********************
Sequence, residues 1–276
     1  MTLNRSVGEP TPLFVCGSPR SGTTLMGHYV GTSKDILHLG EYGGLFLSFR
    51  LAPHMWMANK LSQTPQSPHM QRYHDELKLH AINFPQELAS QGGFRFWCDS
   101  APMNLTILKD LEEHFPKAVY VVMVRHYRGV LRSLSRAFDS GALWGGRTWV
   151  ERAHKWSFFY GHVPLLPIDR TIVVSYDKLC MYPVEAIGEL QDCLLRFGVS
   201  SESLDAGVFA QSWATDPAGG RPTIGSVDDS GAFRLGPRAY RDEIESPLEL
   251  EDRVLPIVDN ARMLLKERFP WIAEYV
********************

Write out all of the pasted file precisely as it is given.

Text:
Sequence, residues 1–276
     1  MTLNRSVGEP TPLFVCGSPR SGTTLMGHYV GTSKDILHLG EYGGLFLSFR
    51  LAPHMWMANK LSQTPQSPHM QRYHDELKLH AINFPQELAS QGGFRFWCDS
   101  APMNLTILKD LEEHFPKAVY VVMVRHYRGV LRSLSRAFDS GALWGGRTWV
   151  ERAHKWSFFY GHVPLLPIDR TIVVSYDKLC MYPVEAIGEL QDCLLRFGVS
   201  SESLDAGVFA QSWATDPAGG RPTIGSVDDS GAFRLGPRAY RDEIESPLEL
   251  EDRVLPIVDN ARMLLKERFP WIAEYV